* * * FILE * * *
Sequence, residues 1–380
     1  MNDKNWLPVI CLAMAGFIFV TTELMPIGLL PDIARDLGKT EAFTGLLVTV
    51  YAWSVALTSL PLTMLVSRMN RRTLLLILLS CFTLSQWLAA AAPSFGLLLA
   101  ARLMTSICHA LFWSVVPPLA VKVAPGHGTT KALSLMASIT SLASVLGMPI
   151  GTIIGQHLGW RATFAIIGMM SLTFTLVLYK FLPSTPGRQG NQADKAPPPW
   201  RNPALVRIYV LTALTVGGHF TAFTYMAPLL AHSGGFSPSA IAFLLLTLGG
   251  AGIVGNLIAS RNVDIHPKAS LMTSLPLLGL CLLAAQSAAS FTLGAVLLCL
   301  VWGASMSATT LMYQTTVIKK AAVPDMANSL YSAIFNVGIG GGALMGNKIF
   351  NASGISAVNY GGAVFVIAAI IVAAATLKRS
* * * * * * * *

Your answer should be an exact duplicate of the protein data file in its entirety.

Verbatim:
Sequence, residues 1–380
     1  MNDKNWLPVI CLAMAGFIFV TTELMPIGLL PDIARDLGKT EAFTGLLVTV
    51  YAWSVALTSL PLTMLVSRMN RRTLLLILLS CFTLSQWLAA AAPSFGLLLA
   101  ARLMTSICHA LFWSVVPPLA VKVAPGHGTT KALSLMASIT SLASVLGMPI
   151  GTIIGQHLGW RATFAIIGMM SLTFTLVLYK FLPSTPGRQG NQADKAPPPW
   201  RNPALVRIYV LTALTVGGHF TAFTYMAPLL AHSGGFSPSA IAFLLLTLGG
   251  AGIVGNLIAS RNVDIHPKAS LMTSLPLLGL CLLAAQSAAS FTLGAVLLCL
   301  VWGASMSATT LMYQTTVIKK AAVPDMANSL YSAIFNVGIG GGALMGNKIF
   351  NASGISAVNY GGAVFVIAAI IVAAATLKRS